“We used to keep warm by huddling. And then we got fire, which actually created heat. And that’s what we’ve been doing for hundreds of years, just burning stuff. This is the first time since huddling and shivering that we’ve got a heating system that doesn’t burn anything. We’re really witnessing a phenomenal revolution in heating.”
Andy Meyer, senior program manager at Efficiency Maine
This winter continues to be characterized by extreme weather — unseasonable warmth in some places, and massive winter storms in others. During a brutal cold snap earlier this month in the northern U.S., the National Weather Service issued wind chill warnings and urged people to bundle up if they had to venture out. Inside their homes, many residents were anxiously watching the performance of a technology proponents have called one of our most overlooked climate solutions: heat pumps.
In Maine, which is no stranger to below-zero temperatures, the polar vortex that arrived was severe enough to break some cold-weather records. “When that comes, we get a number of phone calls from new heat pump owners,” says Andy Meyer, senior program manager at Efficiency Maine, a quasi-state agency that offers a variety of energy-efficiency programs. According to Meyer, the organization helps about 25,000 residents install heat pumps every year. People new to the devices tend to be nervous about how they’ll perform when the first cold snap rolls around, he says. “And then after a cold spell like this, we have about 25,000 more really, really happy, confident owners.”
For a long time, the prevailing wisdom held that heat pumps couldn’t work in the cold. But in places like Maine, they’re proving effective — and not only are they reducing emissions from heating, they’re also helping to prepare one of the coldest states in the country for the new reality of hotter summers.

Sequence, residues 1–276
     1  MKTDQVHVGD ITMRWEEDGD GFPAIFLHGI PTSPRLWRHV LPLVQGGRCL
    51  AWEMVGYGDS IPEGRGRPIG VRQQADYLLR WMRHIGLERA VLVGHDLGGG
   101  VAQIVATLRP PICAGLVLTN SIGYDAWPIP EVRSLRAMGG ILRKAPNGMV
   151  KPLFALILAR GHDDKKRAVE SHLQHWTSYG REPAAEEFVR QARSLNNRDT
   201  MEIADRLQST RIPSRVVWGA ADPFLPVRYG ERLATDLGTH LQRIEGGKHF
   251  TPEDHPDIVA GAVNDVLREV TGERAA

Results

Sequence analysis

Maine has one of the highest per capita heat-pump adoption rates in the U.S., and has even outpaced Scandinavian countries where the systems are extremely popular. Efficiency Maine has provided rebates to help install them in about 100,000 homes — in a state with just 600,000 residences. “They’re on oceanfront mansions, they’re on mobile homes, they’re on cabins — throughout the whole state, up to the Canadian border, down to the New Hampshire border,” Meyer says.
Heat pumps have been common in the southern United States for many years. But those tend to be models that are not designed for cold temperatures. “Most heat pumps are for temperate climates, and they’re used in conjunction with natural gas,” Meyer explains. In a dual fuel system like that, the less efficient but more powerful gas furnace takes over when it gets below 40 degrees or so. By contrast, what Efficiency Maine recommends are cold climate heat pumps, which have become much more effective in recent years. Those are able to pull heat from the air even at below-zero temperatures.
“If people say, ‘I’ve heard they don’t work [in the cold] — they heard the truth. Just not the whole truth,” Meyer says.